Spacing: 10-12 ft. (3-3.6 m) 12-15 ft. (3.6-4.7 m) 15-20 ft. (4.7-6 m)
Hardiness: USDA Zone 3b: to -37.2 °C (-35 °F) USDA Zone 4a: to -34.4 °C (-30 °F) USDA Zone 4b: to -31.6 °C (-25 °F) USDA Zone 5a: to -28.8 °C (-20 °F) USDA Zone 5b: to -26.1 °C (-15 °F) USDA Zone 6a: to -23.3 °C (-10 °F) USDA Zone 6b: to -20.5 °C (-5 °F) USDA Zone 7a: to -17.7 °C (0 °F) USDA Zone 7b: to -14.9 °C (5 °F) USDA Zone 8a: to -12.2 °C (10 °F) USDA Zone 8b: to -9.4 °C (15 °F) USDA Zone 9a: to -6.6 °C (20 °F)
Help! This is more of a request for assistance than a rating of this plant... My mom had one of these beautiful trees on her lot/yard line and her neighbor decided it was his side of the line and cut it down to the ground. Does anybody know if we can salvage the tree from it's roots that are still left in the ground? Any ideas or help are greatly appreciated!
On Mar 18, 2011, hishelpmate from Perry, FL (Zone 8a) wrote:
When we first bought our house in Jan 2004, I noticed a small 'bush' about 3' high at the edge of our yard. While walking around our neighborhood I noticed a beautiful fringe tree in full bloom. I decided that I wanted one so I walked past the nursery on our block to find out it's name.
I told my husband that I wanted to pull up 'the bush' the next spring to plant a fringe tree. Two days before the planned removal, the Lord impressed upon me to take another look at the bush whose demise was imminent. I was pleasantly shocked to find several small fringed, white flowers on the few branches!!! I had a fringe tree in my yard for a year and was about to replace it with another one!
Now 7 years later it is about 7.5' tall and about 5' wide. I have the female tree that produces the bluish-black grape sized fruit while my neighbor across the street has the male. Her tree remains showy longer but does not fruit, so I get the birds :-)
I absolutely LOVE my fringe tree and visit it each morning in the early spring so that I can witness the first bloom's arrival.
I will try to post a photo once it is in full bloom in a month or so.
On Jul 5, 2010, mary1948 from Shawnee Mission, KS wrote:
I have this small tree/shrub in my front yard and yes, it is a slow grower but what a beauty in bloom! The fragrance is very subtle and quite captivating. I have never had mine seed but it does bloom quite fully. How do I know if it is a female or male as I read to have seeds I need one of each?
I planted two sticks (3feet high) in1982 in our front yard. One was lost in hurricaine Hugo, but the remaining tree is about 20 feet high, talk about slow growing! but It's beautiful, I have three neighbors that have them now. We have moved to a downsized now and I would like to start another, I just read how to propagate it, hope I have enough time in my life left to see one grown, This stock came from Pensacola, Fl. But the family nursery has closed.
On Mar 31, 2007, 1cros3nails4gvn from Bluffton, SC (Zone 9a) wrote:
This plant is commonly seen growing as a smaller shrub in the understory of the piedmont and sandhills in S.C.'s midlands. I has a few seedlings from one that we used as a specimen at our old house in Lexington, S.C. they came up in a pot that we kept under the bush. We used it to bring part of our Confederate Jasmine when we moved and the along with a purple heart came up in the pot.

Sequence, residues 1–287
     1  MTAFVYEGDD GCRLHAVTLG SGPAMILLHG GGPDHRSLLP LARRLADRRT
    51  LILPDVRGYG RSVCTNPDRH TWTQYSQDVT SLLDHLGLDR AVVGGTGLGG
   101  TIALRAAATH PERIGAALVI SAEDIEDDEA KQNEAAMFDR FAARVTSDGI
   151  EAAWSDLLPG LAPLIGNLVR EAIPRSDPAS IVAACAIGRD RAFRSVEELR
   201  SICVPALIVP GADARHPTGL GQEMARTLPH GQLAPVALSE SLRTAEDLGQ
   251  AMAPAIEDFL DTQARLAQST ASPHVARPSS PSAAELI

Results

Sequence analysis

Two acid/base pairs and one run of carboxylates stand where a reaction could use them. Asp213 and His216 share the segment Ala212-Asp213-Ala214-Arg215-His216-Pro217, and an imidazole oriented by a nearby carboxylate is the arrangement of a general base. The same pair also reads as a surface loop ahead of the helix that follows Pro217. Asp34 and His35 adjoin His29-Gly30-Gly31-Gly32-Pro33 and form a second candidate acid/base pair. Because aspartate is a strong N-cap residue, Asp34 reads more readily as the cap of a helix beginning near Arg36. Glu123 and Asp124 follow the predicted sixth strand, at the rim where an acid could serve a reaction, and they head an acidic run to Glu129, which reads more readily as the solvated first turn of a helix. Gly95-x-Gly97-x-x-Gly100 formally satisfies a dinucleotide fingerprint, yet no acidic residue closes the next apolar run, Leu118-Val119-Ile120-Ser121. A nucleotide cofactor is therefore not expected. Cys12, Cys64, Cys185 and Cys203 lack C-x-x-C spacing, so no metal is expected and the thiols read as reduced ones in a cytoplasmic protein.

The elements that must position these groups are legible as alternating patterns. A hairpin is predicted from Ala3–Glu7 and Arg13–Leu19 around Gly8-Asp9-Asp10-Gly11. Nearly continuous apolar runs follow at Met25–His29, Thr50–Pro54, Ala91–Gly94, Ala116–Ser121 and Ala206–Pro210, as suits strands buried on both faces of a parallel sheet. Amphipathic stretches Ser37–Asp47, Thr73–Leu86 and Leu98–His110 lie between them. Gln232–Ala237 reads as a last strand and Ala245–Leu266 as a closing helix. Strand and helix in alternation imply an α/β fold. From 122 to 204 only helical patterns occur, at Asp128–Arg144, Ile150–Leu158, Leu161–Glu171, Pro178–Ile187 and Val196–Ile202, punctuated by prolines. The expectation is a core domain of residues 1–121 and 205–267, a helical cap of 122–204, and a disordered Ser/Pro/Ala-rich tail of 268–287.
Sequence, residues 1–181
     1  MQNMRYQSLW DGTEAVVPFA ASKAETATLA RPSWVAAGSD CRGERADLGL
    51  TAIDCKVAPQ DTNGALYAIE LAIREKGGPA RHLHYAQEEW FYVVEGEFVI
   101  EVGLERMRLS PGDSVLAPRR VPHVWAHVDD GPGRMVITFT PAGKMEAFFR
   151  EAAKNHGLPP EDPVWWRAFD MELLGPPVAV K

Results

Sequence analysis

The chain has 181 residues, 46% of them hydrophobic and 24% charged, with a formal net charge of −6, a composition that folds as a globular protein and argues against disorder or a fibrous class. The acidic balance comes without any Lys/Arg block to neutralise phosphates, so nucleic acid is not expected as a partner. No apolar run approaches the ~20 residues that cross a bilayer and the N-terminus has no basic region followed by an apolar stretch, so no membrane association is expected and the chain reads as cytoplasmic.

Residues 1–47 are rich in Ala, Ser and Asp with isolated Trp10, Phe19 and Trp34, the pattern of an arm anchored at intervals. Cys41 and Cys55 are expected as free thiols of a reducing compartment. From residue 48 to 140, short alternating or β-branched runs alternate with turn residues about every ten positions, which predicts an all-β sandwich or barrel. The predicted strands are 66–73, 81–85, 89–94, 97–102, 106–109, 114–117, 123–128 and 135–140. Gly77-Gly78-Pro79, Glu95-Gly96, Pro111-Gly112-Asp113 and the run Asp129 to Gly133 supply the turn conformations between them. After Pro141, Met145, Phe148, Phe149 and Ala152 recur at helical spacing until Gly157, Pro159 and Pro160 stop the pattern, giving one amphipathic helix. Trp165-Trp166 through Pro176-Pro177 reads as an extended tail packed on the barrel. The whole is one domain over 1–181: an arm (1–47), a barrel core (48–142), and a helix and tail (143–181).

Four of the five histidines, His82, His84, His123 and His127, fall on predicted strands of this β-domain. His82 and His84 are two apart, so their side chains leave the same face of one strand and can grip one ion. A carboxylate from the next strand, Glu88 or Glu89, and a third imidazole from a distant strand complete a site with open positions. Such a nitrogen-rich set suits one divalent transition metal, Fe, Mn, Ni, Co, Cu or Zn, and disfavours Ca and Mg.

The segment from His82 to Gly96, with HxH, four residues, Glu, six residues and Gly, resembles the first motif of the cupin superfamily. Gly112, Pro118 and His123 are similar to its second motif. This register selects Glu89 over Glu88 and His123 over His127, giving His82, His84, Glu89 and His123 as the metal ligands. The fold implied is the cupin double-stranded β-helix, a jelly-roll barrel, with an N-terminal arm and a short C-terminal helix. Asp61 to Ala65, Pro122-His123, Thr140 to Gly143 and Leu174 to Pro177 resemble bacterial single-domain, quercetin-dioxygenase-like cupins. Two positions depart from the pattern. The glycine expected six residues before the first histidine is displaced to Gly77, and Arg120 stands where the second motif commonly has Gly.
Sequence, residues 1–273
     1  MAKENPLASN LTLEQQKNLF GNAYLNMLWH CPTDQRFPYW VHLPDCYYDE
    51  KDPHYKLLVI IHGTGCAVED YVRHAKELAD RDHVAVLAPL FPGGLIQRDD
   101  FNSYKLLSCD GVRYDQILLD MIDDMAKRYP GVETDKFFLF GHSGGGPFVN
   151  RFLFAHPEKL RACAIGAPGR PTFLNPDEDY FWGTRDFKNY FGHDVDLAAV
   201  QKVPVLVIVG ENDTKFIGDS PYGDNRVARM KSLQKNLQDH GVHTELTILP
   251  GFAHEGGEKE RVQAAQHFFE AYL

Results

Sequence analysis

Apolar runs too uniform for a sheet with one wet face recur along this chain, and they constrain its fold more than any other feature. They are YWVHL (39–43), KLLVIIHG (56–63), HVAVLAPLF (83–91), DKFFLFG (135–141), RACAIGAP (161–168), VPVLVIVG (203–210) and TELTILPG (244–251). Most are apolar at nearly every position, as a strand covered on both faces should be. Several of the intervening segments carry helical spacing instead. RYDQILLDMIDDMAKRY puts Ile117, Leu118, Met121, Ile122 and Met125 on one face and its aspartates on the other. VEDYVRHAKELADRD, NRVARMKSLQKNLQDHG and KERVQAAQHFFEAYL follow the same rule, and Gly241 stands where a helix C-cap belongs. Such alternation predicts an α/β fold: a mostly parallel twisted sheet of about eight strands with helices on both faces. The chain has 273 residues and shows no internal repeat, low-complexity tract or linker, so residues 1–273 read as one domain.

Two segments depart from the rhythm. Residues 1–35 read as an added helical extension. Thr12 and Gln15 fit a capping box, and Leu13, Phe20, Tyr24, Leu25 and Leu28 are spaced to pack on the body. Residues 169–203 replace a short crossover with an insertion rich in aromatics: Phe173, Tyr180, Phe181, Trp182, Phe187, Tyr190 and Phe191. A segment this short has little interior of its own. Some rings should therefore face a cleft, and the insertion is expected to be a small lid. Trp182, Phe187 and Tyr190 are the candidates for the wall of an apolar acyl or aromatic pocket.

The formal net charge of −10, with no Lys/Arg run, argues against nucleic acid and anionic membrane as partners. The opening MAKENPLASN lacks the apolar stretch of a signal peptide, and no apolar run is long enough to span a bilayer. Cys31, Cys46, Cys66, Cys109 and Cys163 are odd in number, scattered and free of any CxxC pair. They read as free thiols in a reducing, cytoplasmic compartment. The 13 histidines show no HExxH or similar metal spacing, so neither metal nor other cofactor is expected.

On Sep 3, 2001, mystic from Ewing, KY (Zone 6a) wrote:
This is a large shrub or small tree, reaching a height of 20 feet or so, with one or few short trunks and a rounded crown. In the wild, it may reach 25 to 30 feet with an equal spread.
It has opposite, deciduous, elliptical dark green glossy leaves. In late spring, its showy fringe-like blooms cascade downward like the white beard of a wise old man. The black fleshy egg shaped fruit mature in late summer.
Fringetree is attractive to a variety of insects while in bloom, and to birds and small mammals when fruiting. A popular ornamental due to its delicate, fragrant white flowers. Plant in full sun to partial shade. Fringetree does well as an "understory tree", thriving in the filtered shade of larger canopy trees.
This plant has been said to grow in the following regions:
Atmore, Alabama Birmingham, Alabama Centre, Alabama Fairhope, Alabama Indian Springs Village, Alabama Springville, Alabama Tuscumbia, Alabama Vincent, Alabama Sitka, Alaska Conway, Arkansas (2 reports) Morrilton, Arkansas Oakland, California San Leandro, California Santa Barbara, California Fort Collins, Colorado Black Diamond, Florida Boca Del Mar, Florida Fruitville, Florida Gainesville, Florida Jacksonville, Florida Keystone Heights, Florida Oldsmar, Florida Perry, Florida Valparaiso, Florida Aldora, Georgia Augusta, Georgia Cornelia, Georgia Dallas, Georgia Dalton, Georgia Druid Hills, Georgia Jesup, Georgia North Druid Hills, Georgia Saint Charles, Illinois Fort Wayne, Indiana Lansing, Kansas Merriam, Kansas Baton Rouge, Louisiana New Orleans, Louisiana (2 reports) Old Jefferson, Louisiana Overlea, Maryland Valley Lee, Maryland Southfield, Michigan Blue Mountain, Mississippi Carriere, Mississippi (2 reports) Waynesboro, Mississippi Norfolk, Nebraska Stirling, New Jersey Averill Park, New York Brices Creek, North Carolina Chapel Hill, North Carolina Charlotte, North Carolina Mebane, North Carolina Mooresville, North Carolina River Road, North Carolina Cuyahoga Falls, Ohio Huber Heights, Ohio Montrose-ghent, Ohio Mill City, Oregon Portland, Oregon Laflin, Pennsylvania Pittsburgh, Pennsylvania Bluffton, South Carolina Conway, South Carolina Florence, South Carolina Islandton, South Carolina Lexington, South Carolina Ridgeville, South Carolina Seven Oaks, South Carolina South Sumter, South Carolina Bluff City, Tennessee Murfreesboro, Tennessee Broaddus, Texas Stagecoach, Texas Disputanta, Virginia Jolivue, Virginia Nellysford, Virginia Urbanna, Virginia Battle Ground, Washington Cambridge, Wisconsin